The distribution of dark matter in the Galaxy is uncertain, in particular in the central region. Rotation curve observations suggest a rather cored profile [24, 25], with a flat behaviour at the centre, whereas numerical simulations predict more cuspy profiles in the innermost region of the Galactic centre (see Kravtov et al. [25], Navarro-Frenk-White (NFW) [26] and Moore et al. [27] as well as the recent Via Lactea and AQUARIUS simulations [28, 29]). Other studies even indicate the existence of a dark disk [30, 31]. In the present study, we will work with a fixed astrophysical framework and focus on the NFW profile which is parameterized as follows:

 ρ(r)=ρ0\leavevmode\nobreak (rr0)−γ[1+(r0/a0)α1+(r/a0)α](β−γα), (3)

where is the distance to the centre of the Galaxy, is the dark matter density in the solar neighbourhood and (, , , , ) = (8.5, 20, 1, 3, 1). In this framework, the dark matter halo is spherical and at rest in the Galactic coordinate system while the Sun moves on an orbit with mean velocity . The velocity of dark matter is supposed to have a Maxwell-Boltzmann distribution with mean velocity .

4 Indirect detection from the Sun and the Earth

4.1 Capture rate

Dark matter of the Galactic halo might be captured in the Sun or the Earth due to the energy loss caused by elastic scattering of dark matter particles on nuclei. The size, density and composition of the Sun and the Earth are quite different and so is their ability to capture DM. WIMPs may generically couple with a nucleus through axial-vector (spin-dependent, SD) or scalar (spin-independent, SI) interactions [32]. In the latter case, elastic scattering with a nucleus is coherent and the cross section is proportional to the square of its atomic number , while spin-dependent interactions depend only on the total spin of the nucleus . The Sun is big and mainly composed of hydrogen atoms ( of the mass of the Sun). Hydrogen is the lightest nucleus and therefore capture is likely to be more important for WIMPs with spin-dependent interactions. On the contrary, the Earth is comparatively small and mainly composed of heavy nuclei. Capture of dark matter particles may therefore be achieved by scalar spin-independent interactions.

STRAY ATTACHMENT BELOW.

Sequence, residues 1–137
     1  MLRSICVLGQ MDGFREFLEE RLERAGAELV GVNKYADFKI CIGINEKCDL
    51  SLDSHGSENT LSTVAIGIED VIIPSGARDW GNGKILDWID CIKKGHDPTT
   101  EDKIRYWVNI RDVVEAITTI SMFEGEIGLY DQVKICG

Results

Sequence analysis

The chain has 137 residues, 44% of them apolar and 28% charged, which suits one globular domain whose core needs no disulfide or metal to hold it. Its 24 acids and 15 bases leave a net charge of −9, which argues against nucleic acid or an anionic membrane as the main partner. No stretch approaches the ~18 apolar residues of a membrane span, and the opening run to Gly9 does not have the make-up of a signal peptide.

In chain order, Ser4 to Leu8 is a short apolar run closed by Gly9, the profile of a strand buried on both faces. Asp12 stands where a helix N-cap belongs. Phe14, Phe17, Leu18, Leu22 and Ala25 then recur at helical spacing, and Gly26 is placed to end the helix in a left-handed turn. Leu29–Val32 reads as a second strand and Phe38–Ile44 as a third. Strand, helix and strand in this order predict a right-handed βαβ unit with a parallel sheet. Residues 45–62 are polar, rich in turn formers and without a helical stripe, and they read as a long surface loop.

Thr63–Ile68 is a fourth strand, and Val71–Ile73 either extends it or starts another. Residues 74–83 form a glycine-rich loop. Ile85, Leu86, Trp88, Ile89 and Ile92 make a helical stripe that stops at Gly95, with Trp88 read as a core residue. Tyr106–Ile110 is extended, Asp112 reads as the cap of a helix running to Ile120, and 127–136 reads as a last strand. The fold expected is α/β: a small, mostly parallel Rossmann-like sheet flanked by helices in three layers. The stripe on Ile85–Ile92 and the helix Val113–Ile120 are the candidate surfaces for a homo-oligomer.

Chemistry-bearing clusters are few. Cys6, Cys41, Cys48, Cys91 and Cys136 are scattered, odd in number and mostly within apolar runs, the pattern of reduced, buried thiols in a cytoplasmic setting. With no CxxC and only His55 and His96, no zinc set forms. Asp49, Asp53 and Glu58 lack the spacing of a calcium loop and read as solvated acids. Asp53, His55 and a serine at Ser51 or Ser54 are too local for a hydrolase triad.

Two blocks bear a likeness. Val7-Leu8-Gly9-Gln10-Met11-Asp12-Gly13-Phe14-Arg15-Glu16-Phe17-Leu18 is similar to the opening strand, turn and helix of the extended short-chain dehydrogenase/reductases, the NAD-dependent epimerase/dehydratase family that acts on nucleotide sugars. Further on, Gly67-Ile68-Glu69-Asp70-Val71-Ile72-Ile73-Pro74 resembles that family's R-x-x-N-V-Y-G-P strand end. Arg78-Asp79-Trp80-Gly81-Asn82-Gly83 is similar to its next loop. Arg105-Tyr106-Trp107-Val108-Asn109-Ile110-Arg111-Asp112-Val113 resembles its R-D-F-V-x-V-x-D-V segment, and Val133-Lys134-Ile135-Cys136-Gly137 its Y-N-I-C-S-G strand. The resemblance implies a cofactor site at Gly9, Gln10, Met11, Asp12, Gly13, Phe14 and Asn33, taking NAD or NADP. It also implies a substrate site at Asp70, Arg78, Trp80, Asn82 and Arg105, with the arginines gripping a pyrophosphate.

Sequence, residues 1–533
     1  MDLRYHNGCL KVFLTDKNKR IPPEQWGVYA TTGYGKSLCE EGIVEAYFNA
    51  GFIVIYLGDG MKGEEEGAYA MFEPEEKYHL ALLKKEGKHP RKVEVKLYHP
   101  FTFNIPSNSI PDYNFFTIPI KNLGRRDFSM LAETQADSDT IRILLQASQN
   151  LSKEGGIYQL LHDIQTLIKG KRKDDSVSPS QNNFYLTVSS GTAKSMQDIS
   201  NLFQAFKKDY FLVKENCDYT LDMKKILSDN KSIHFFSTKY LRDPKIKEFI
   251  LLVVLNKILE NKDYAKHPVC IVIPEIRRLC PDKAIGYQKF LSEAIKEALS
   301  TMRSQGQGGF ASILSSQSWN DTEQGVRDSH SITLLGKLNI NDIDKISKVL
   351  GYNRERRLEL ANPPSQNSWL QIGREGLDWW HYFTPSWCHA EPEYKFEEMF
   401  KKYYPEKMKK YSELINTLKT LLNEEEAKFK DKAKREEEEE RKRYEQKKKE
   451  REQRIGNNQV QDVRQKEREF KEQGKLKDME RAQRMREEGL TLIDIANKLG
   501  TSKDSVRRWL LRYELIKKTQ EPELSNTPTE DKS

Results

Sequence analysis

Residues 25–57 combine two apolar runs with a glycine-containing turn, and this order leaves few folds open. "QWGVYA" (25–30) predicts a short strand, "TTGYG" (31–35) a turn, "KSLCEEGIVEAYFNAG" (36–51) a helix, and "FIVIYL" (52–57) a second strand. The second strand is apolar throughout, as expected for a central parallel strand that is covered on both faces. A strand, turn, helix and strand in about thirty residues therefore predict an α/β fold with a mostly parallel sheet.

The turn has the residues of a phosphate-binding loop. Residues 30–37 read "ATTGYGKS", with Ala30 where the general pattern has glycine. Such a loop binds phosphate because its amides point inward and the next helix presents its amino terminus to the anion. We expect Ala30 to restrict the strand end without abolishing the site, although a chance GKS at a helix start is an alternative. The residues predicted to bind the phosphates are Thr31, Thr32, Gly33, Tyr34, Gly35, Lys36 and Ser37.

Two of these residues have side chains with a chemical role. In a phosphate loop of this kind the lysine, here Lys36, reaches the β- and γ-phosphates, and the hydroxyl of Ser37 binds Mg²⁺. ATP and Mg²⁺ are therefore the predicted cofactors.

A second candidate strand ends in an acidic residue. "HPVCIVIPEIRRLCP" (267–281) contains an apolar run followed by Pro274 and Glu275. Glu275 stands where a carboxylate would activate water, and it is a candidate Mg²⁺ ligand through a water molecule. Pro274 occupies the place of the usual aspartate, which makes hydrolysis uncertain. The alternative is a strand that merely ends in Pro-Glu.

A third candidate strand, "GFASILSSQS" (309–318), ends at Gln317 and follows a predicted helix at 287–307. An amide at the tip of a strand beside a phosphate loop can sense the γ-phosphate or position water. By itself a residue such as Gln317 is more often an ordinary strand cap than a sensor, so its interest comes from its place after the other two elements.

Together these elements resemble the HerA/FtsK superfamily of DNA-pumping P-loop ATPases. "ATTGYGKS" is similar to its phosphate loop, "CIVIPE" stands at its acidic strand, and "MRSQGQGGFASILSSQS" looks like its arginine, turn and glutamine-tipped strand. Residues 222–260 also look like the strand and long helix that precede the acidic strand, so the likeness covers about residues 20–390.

Our treatment of capture in the Sun and the Earth will be elementary. Both for the sake of exploration and because, for the Earth, we will focus on a dark matter candidate in a mass range close to the iron mass, we follow the simple approximation of [33] and presented in the classical review [3]. This approach is expected to work for capture in the Sun. However, the situation for the Earth is more complex. The crux of the problem is that the Earth escape velocity is relatively small compared to the halo mean velocity, and in general capture in the Earth is sensitive to the (not well understood) low velocity part of the dark matter velocity distribution. The approximation of [33] and [3] consists in treating capture of dark matter from the halo as if the Earth was in free space. However, the Earth is actually deep in the gravitational field of the Sun. Moreover, either through direct collisions or gravitational interactions, dark matter from the halo might be captured on solar bound orbits, possibly affecting the abundance and velocity distribution of dark matter particles near the Earth position. These and related issues have been investigated in details by Gould in [34] and further in [35], by Damour and Krauss [36], by Edsjö and Lundberg [37] and, more recently, by Peter [38, 39]. To make short a long, albeit fascinating story3 – which implies taking into account the influence of planets – let us summarize here that these works show that the approximation we use for capture in the Earth works reasonably well if the dark matter candidate’s mass is close to the iron resonance (see figure 16 of [37] and figure 10 of [39]), which is precisely the case we focus on in the present work. A more precise approach is clearly possible, for instance using the DarkSusy numerical package [40], but in the present work we have limited ourself to an analytical treatment both for capture in the Sun and in the Earth, an approach which, although not strictly speaking correct, is very simple to implement.